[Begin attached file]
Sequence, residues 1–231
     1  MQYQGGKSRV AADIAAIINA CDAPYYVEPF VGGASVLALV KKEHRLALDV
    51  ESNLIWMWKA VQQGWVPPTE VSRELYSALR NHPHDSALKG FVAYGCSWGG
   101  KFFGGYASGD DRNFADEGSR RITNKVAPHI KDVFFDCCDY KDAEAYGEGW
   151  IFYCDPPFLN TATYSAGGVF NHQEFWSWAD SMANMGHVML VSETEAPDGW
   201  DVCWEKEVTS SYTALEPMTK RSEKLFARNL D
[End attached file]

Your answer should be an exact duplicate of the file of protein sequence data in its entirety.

Sequence, residues 1–231
     1  MQYQGGKSRV AADIAAIINA CDAPYYVEPF VGGASVLALV KKEHRLALDV
    51  ESNLIWMWKA VQQGWVPPTE VSRELYSALR NHPHDSALKG FVAYGCSWGG
   101  KFFGGYASGD DRNFADEGSR RITNKVAPHI KDVFFDCCDY KDAEAYGEGW
   151  IFYCDPPFLN TATYSAGGVF NHQEFWSWAD SMANMGHVML VSETEAPDGW
   201  DVCWEKEVTS SYTALEPMTK RSEKLFARNL D